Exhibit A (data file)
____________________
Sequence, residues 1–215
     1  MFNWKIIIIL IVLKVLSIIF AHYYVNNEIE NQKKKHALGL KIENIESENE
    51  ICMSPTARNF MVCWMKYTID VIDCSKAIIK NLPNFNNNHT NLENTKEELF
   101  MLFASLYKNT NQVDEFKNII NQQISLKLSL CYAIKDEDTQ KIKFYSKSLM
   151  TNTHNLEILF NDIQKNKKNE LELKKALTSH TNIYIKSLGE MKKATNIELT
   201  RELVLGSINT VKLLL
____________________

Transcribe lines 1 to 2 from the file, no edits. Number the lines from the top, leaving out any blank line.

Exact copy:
Sequence, residues 1–215
     1  MFNWKIIIIL IVLKVLSIIF AHYYVNNEIE NQKKKHALGL KIENIESENE